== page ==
Data Science doesn’t have to be hard when marketing to farmers

by Jeff Walter
October 26, 2017

Data Science to market to farmers

All I ever needed to know about Data Science I learned in Driver’s Ed.

A few years ago, Harvard Business Review called Data Science “The Sexiest Job of the 21st Century”. Since then, Data Science has moved front and center in almost every industry with the promise of being able to turn mountains of data into actionable insights.

In its simplest form, Data Science is essentially a merging of multiple fields – data analysis, mathematics, statistics and computer science. Truth be told, it really isn’t all that new. As ag marketers, we have spent decades amassing huge amounts of data and then working to find usable insights from it. I am old enough to remember a time when the challenge was in gathering good data beyond the USDA census, vs. today’s challenge of analysis paralysis.

So why has this established field become such a hot topic in the last couple of years? The emergence of new tools like machine learning, artificial intelligence and cloud computing have unlocked the potential of our data.

I do not claim to be a data scientist, nor have I ever played one on TV. I have, however, had the pleasure of working with some very smart data scientists throughout my career. And I believe one of the keys to success in this space, is creating a basic understanding of what this discipline is and how it can add value across your agency and client marketing teams.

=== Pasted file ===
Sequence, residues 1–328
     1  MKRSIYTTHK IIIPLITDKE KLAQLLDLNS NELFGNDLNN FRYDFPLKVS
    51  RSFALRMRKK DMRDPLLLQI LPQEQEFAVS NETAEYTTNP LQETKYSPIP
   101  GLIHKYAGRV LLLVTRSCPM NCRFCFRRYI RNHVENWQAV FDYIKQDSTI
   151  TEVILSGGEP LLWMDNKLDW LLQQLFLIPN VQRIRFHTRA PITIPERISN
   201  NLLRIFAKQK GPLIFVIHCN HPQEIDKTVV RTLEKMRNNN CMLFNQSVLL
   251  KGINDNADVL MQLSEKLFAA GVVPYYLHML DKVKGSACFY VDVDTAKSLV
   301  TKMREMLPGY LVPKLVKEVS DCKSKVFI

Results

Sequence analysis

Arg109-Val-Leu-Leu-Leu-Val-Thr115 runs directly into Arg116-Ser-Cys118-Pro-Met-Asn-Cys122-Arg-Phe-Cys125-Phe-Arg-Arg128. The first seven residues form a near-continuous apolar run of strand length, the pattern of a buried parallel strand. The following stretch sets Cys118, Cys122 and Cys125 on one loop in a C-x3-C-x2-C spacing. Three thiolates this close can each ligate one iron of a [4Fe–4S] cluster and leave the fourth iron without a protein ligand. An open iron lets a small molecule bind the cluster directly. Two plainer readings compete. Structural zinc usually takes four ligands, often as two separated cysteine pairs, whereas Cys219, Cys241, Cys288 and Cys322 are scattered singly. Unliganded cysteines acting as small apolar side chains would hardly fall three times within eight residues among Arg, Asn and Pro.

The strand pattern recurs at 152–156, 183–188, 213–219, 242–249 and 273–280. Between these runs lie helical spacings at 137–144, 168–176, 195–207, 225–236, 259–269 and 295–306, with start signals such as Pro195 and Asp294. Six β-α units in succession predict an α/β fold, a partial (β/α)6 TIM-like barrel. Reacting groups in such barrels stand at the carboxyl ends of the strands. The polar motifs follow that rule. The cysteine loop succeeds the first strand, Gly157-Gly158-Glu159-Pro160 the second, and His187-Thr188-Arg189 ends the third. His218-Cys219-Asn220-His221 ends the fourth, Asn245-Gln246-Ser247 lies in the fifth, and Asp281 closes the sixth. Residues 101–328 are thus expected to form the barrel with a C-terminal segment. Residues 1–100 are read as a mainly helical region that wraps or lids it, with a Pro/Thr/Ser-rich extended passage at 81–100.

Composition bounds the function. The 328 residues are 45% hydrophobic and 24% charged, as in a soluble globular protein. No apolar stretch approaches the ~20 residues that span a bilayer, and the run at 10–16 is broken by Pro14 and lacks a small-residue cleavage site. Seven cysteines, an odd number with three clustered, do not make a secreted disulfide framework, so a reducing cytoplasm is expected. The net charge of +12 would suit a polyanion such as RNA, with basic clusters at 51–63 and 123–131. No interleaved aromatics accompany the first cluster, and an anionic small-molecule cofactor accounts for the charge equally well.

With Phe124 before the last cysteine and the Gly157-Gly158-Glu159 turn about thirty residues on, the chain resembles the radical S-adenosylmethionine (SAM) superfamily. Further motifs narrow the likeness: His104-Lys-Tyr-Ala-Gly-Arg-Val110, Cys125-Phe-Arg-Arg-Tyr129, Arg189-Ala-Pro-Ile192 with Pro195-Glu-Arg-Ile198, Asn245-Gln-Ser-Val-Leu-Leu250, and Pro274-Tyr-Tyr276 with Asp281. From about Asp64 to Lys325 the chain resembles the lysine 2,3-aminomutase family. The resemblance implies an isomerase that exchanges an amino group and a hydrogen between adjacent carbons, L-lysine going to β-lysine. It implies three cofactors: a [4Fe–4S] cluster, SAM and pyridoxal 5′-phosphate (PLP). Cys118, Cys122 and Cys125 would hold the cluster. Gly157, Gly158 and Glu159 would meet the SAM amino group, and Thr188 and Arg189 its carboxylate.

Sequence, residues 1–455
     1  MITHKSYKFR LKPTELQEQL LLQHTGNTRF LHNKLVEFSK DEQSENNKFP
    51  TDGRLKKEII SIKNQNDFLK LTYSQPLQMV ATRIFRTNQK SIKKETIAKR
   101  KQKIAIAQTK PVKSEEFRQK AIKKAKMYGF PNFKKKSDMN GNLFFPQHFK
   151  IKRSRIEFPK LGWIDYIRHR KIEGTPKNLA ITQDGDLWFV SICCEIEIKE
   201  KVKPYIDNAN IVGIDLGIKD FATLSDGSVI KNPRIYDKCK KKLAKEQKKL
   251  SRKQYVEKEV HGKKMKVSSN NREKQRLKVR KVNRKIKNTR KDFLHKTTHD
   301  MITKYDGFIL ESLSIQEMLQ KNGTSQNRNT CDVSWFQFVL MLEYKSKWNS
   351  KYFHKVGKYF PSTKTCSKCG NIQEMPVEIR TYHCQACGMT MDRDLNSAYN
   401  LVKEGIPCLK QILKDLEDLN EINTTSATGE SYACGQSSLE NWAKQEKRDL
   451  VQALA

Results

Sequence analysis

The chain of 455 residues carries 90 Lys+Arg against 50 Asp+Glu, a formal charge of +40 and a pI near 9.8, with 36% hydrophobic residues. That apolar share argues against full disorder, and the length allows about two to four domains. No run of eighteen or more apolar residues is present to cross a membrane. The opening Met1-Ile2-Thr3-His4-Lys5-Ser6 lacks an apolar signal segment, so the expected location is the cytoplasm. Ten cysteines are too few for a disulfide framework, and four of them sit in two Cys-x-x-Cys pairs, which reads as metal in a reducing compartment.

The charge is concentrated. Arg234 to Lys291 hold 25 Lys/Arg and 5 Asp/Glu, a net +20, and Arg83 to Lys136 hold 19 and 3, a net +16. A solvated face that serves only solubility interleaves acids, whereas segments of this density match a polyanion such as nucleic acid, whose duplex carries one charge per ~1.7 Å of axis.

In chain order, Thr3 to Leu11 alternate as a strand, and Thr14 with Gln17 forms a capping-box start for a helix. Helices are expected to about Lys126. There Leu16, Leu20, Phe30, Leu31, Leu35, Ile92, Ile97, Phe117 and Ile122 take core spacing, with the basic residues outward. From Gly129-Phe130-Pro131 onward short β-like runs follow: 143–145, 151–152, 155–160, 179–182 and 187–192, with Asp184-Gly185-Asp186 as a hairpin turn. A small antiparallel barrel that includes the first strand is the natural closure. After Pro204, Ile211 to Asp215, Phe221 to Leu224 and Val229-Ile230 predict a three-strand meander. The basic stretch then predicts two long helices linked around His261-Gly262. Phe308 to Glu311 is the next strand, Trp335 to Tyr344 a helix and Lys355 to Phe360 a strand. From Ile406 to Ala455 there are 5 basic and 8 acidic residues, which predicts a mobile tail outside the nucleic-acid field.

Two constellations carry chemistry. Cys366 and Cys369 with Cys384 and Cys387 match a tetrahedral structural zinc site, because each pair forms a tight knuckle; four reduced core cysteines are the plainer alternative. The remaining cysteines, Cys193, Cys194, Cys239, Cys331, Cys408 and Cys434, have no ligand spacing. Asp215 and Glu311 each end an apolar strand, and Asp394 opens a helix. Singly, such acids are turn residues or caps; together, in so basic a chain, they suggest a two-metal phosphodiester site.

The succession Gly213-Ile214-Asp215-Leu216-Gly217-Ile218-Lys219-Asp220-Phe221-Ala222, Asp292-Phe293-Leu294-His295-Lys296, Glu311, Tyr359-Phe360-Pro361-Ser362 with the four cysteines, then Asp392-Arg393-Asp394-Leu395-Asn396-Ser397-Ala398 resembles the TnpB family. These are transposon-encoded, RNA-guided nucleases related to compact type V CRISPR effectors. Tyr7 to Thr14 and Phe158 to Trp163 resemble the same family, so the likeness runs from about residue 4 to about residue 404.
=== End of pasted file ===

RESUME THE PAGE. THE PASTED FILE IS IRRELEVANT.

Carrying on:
Often, the initial hypothesis or insight may originate with the people who are experts on the business side or closest to the customer, not the data experts. The data scientists have the skills and knowledge to analyze and test the theory or potential insight by applying the rigors of their expertise.

A few weeks ago, I was at the PrecisionAg Vision Conference listening to someone present on the promise of data science in ag marketing.  It was during this presentation, and some of the subsequent discussion over the break that followed, that I found myself thinking back to Driver’s Ed in high school and how those basic principles apply to data science.

I still remember “IPDE” being drilled into our heads. It was a four-step process that we were told should be happening in the background any time we got behind the wheel. Identify, Predict, Decide, Execute. The idea was to identify potential risks, predict what might happen, decide how you can best minimize the risk and then execute.

In data science world, it’s basically the same four step process:

  1. Frame the problem/opportunity
  2. Gather and analyze the data
  3. Share the results to inform decisions
  4. Take action

By ensuring your entire marketing team appreciates the potential that data science offers, you will begin to find more opportunities to frame problems and opportunities. Your team may never fully understand the incredibly complicated and nuanced art of evaluating possible data sources, cleaning and prepping data sets, running regression or cluster analyses.

The discipline of data science can be challenging and complicated, but finding opportunities to benefit from it doesn’t need to be.

Jeff Walter
About the Author – Jeff Walter

President/Chief Integration Officer. Jeff combines 20 years of client service experience with his deep knowledge and passion for agriculture, which stems from growing up on a corn and soybean farm in northern Illinois. He is a quick study of the brand, the customers and competitors, knows the right questions to ask, and with his oversight on planning and analytics, pushes the team to category-defining strategies and results-driven plans.


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Since 1978, the ag-marketing experts at Rhea + Kaiser have been helping brands connect with the farmer customer.

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